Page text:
Got to Threed, and my party members were captured by zombies. Telepathically calling a new party member, i am now in control of Jeff, boy genius. I have worked my way through an easy dungeon created by a man who wishes to become dungeon man, and have become stuck in another dungeon. It may be FAQ time. I also got to ride a lochness monster.

It's really fun to talk about the things happening in this game as re-reading these paragraphs, it sounds a lot zanier than it feels when you're playing the game. Not to a detriment mind you. The quirky nature of the situations and the dialogue is really what is keeping me going, as the game itself is rather standard RPG fare, except for the somewhat humerous enemies.

Continuity 2 (Iphone)

I'm up to world 6 where i have stopped playing, and am unsure of whether or not i shall return. The first level of this world seems to rely on precision and quick tapping to pass it. Now perhaps i'm approaching the problem the wrong way but i am not a fan of dexterity in puzzle games. It could be my Iphone as well. It's old and swipes and touches don't always register too well.

Still, all the puzzles leading up to World 6 were great. Level 5-8 was a real brain twister for me. I stopped playing and went to have a shower (am i the only one who does their most creative thinking in the shower?). Afterwards i picked the game up again, took one look at the puzzle, exclaimed, "I'm an idiot!", and solved it. Hooray for the wonders of a fresh mind.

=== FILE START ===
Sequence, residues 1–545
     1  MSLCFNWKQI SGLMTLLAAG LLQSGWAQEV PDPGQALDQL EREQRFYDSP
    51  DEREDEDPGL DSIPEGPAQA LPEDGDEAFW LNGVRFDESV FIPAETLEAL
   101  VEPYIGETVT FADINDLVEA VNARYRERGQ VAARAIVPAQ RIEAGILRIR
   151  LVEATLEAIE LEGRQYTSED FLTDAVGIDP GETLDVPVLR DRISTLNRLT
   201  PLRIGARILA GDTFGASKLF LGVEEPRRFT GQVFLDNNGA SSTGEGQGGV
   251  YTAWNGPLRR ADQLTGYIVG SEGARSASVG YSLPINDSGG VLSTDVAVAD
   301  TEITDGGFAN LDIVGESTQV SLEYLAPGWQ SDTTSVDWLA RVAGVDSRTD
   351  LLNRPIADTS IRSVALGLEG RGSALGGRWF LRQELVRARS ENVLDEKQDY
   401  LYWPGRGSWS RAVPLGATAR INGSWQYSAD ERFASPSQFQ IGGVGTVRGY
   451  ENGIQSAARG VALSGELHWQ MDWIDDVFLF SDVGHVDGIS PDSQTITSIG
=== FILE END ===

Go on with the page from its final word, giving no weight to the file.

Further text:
Amnesia: The Dark Descent (Steam)

I have a love/hate relationship with horror games. I hate them because they scare the pants off me. Seriously. Just the fact that i am controlling a protagonist in a tense setting is enough to set me on edge. I was scared playing Doom 3! Well, until i got back from hell and the game continued and then i got bored. This genre is more effective then any other in immersing me, but i don't necessarily like being scared or being always on edge when exploring a game world. This is also why i love horror games. I just don't play them often.

I bought Amnesia because of the amount of good press it received (and the glowing reviews of the studio's previous games, the Penumbra series). I finally decided to try the game Saturday night. I played for 17 minutes and i haven't been back. Let's discuss why.